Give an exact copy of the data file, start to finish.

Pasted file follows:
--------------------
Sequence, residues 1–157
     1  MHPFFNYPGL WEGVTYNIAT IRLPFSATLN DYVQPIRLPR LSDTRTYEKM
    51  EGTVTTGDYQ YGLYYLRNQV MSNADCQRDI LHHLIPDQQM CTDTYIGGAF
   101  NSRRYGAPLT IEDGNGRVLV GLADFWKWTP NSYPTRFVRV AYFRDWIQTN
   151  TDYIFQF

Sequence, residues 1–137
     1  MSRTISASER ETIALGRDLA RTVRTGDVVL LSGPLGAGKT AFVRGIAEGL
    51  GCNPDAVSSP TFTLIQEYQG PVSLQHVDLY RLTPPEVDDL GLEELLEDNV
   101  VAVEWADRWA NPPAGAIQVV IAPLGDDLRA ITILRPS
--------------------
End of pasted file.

Sequence, residues 1–157
     1  MHPFFNYPGL WEGVTYNIAT IRLPFSATLN DYVQPIRLPR LSDTRTYEKM
    51  EGTVTTGDYQ YGLYYLRNQV MSNADCQRDI LHHLIPDQQM CTDTYIGGAF
   101  NSRRYGAPLT IEDGNGRVLV GLADFWKWTP NSYPTRFVRV AYFRDWIQTN
   151  TDYIFQF

Sequence, residues 1–137
     1  MSRTISASER ETIALGRDLA RTVRTGDVVL LSGPLGAGKT AFVRGIAEGL
    51  GCNPDAVSSP TFTLIQEYQG PVSLQHVDLY RLTPPEVDDL GLEELLEDNV
   101  VAVEWADRWA NPPAGAIQVV IAPLGDDLRA ITILRPS